clock menu more-arrow no yes mobile

Filed under:

Atlantic Division Preview: Montreal Candiens

Change is is needed to move the Habs in the right direction. Their off-season wasn’t a promising start.

Florida Panthers v Montreal Canadiens Photo by Minas Panagiotakis/Getty Images

What They Did in 2015-16

Division: 6th

2015–16 Record: 38-38-6

Points: 82

Goals For: 221 (16 out of 30)

Goals Against: 236 (21 out 30)

What They Did This Off-Season

  • Traded their franchise player, P.K. Subban to Nashville for Man-Mountain Shea Weber.
  • Traded two second round picks for Andrew Shaw then gave him a dumpster truck full of cash to sloppily roll around in.
  • Signed Alexander Radulov formerly of the Nashville Predators and KHL to a one year $5.75 million deal.
  • Wisely drafted puck moving Windsor Spitfire’s defenseman Mikhail Sergachev 9th overall in the first round of this year’s draft.

2016-17 Outlook

It’s been tough go for the Habs. Now 23 seasons without a Stanley Cup, the longest drought in the most-storied franchise history.

It could be argued the franchise has found itself bronzed, unable to break out—in coaching style or management, or team promotion. The Canadiens seem plumb in the past. The biggest question of countless this season; will they finally move toward to the future?

The pieces are there.

Max Pacioretty; a pure goal scorer, often hemmed in, whose power and speed is little utilized in coach Michel Therrien’s paint-by-numbers system. If he breaks free, their captain will be a consistent 40 goal scorer and could reach elite heights.

Alex Galchenyuk is as promising a young forward as it gets. He got off to a solid start in his first season at center but bounced around so many line combinations at reduced minutes, it took time to get comfortable. Finally, ol’ Michel’s lightbulb clicked and paired him with Pacioretty but only after an injury to David Desharnais elevated him to top line. Chucky took off, scoring 11 goals and 17 points in his final 17 games.

We know plucky Brendan Gallagher is a pest, but an effective one, who plays his role well, finishing pucks down low and at times seems to be the only forward comfortable playing under Therrien.

And there’s solid old Tomas Plekanec, who wears cool turtlenecks and a mean goatee like it’s 1999. (I secretly think he’s Jagr’s age).

They signed Andrew Garbage Pail Shaw to a contract that damn near made Justin Abdelkader blush. Shaw has little skill but it’s adding a slightly taller, scary looking version of Gallagher. To my earlier point, that seems to be the lone style of forward consistently prospering in Montreal’s offensive system.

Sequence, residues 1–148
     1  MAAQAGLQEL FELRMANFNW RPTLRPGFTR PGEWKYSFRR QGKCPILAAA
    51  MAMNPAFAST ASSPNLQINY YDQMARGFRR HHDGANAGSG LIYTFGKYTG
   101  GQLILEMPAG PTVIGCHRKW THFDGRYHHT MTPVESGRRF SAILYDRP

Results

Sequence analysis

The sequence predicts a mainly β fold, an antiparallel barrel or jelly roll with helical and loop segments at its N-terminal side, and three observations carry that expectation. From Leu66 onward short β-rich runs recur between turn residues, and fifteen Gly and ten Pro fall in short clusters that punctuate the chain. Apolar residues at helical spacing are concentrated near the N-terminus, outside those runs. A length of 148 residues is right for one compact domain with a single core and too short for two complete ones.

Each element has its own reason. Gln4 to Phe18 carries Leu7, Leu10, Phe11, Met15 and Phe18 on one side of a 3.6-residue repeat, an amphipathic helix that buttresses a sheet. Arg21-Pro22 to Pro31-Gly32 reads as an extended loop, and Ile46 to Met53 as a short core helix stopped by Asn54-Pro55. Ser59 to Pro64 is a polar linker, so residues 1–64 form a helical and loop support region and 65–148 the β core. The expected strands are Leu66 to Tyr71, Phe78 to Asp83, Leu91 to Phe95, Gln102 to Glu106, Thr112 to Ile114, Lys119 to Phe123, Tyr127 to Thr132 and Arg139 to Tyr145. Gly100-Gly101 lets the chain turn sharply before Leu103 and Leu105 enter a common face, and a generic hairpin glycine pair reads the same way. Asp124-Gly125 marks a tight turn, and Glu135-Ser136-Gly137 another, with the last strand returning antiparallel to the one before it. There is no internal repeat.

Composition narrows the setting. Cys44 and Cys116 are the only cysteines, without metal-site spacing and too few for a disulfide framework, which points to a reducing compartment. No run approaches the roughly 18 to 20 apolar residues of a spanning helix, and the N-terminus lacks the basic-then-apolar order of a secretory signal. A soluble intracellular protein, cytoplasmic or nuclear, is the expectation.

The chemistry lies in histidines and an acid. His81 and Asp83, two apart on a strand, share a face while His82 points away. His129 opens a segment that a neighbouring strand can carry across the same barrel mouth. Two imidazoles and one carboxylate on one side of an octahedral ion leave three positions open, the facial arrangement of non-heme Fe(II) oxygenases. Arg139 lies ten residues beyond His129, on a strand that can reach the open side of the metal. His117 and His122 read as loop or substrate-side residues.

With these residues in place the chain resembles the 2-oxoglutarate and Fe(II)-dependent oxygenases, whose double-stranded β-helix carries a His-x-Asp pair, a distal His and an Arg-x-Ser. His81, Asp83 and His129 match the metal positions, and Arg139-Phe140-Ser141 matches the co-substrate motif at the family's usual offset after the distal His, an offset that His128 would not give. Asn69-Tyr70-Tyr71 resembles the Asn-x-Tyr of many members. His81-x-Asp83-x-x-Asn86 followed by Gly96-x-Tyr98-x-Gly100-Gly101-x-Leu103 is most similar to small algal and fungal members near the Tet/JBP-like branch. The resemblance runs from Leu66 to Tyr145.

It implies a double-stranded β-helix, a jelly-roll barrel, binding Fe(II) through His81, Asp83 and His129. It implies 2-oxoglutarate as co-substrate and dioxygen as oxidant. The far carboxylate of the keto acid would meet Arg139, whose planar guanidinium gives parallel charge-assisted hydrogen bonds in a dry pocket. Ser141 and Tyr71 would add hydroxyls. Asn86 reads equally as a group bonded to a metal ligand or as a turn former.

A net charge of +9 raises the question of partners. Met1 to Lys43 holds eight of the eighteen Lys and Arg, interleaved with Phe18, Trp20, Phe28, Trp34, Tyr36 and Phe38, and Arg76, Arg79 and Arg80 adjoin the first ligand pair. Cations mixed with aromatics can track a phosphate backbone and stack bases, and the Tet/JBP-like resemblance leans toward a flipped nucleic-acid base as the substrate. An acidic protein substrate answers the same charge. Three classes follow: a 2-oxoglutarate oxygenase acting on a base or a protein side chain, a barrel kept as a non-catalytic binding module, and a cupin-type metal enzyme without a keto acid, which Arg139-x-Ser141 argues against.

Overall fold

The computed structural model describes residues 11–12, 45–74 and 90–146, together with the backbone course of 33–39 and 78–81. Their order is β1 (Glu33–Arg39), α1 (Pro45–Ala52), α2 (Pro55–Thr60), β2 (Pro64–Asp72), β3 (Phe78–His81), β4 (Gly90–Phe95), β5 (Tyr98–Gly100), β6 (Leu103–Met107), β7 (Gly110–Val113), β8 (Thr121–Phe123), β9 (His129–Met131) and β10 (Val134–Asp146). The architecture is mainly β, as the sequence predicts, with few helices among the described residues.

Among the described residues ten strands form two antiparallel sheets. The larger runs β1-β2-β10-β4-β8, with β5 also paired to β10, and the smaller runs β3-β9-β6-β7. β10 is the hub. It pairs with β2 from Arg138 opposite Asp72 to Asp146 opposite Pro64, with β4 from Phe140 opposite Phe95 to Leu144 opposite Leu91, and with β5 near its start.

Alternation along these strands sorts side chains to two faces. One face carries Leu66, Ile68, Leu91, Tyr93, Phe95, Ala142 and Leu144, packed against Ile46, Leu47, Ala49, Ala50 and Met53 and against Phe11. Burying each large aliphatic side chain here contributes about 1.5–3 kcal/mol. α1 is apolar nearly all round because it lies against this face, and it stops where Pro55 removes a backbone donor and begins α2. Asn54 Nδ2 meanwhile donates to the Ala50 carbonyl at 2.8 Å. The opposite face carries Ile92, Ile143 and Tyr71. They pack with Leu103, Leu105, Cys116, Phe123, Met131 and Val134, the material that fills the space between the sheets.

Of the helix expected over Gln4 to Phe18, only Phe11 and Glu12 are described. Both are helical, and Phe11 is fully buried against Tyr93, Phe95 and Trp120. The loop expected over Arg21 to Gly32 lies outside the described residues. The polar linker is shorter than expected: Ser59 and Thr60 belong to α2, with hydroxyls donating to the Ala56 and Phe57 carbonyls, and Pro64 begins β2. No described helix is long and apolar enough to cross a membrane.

Of course, there was P.K.. A defenseman who at times ran both the zone-exit and entry for Montreal. He drove the powerplay and much of the offense from the back end. Yes, Subban, the face—for some, the wrong color—of the franchise, the bilingual, charismatic, philanthropic, photogenic, telegenic, all-star, warrior of a freaking hockey player is gone.

He’s inexplicably gone for a player three years older, significantly slower, significantly worse with the puck. He’s gone for a hunk of granite named Shea Weber.

(Author’s note: I suggest you pause, read all of link in the first sentence of the above paragraph by Matt Drake from fellow SB Nation blog Habs Eyes On The Prize because it’s succinct and perfect.)

Subban was not the problem.

The problem is Bergevin. The problem is the uber conservatism by him and Therrien. The idea the Habs will survive by continuing to dump and chase the puck, grind in the corners and play to protect a tie game no matter the actual score. Belief is if Price is healthy the Canadiens will be a Stanley Cup contending team. Corsi has taught us if you're routinely out shot and out possessed eventually it will catch up to you. When Price has been injured, the Habs have been a gaping wound.

You can’t run a system that shies away from the puck then expect your goalie to bail you out again and again like Herb Brooks running a ladder drill.

The Canadiens’ former head of analytics, Matt Pfeffer, was recently let go after fighting with the front office over trading Subban. It is not publicly known whether the role has been filled since.

Montreal will likely exploit a weak Atlantic division with a healthy Carey Price and scoot into the playoffs as a 3-6 seed. Price will always play a significant roll in their success, but unless they pair Pacioretty at wing with Galchenyuk at center regularly, or add speed at the deadline, I see them fizzling out and breaking the already tender hearts of a nation eager to erupt into a celebration that’d make Mardi Gras look like bingo night.

Bergevin did make one good signing this off-season. High-scoring Alexander Radulov is back in the NHL from the KHL on a one year, low risk-high reward deal. Funny though, an organization that seemed to have such "character issues" with Subban had no trouble signing Radulov who was ironically run out of Nashville for being such a locker room cancer. Still, he’ll help Pacioretty, Galchenyuk, Gallagher and Pleckanec as long as they aren’t split up to play with Brian Flynn and Torrey Mitchell, which they probably will be. You know, you need those glue guys.

The Habs have the individual talent. They scored themselves a great draft pick in skilled Windsor Spitfires defenseman, Mikhail Sergachev who could make an NHL impact sooner than later. Galchenyuk is set to be a star and Pacioretty a supertstar. We know Price is a generational talent.

This incredible franchise can best honor the past—as they’re obsessed with—by progressing with the game to win. Bergevin, Therrien and the franchise as a whole need to embrace change.

This season is a pivotal one, they’re not off to a good start.

Be sure to visit Habs Eyes on the Prize for fantastic, in-depth, analysis and opinions on "Bleu Blanc et Rouge" OLE!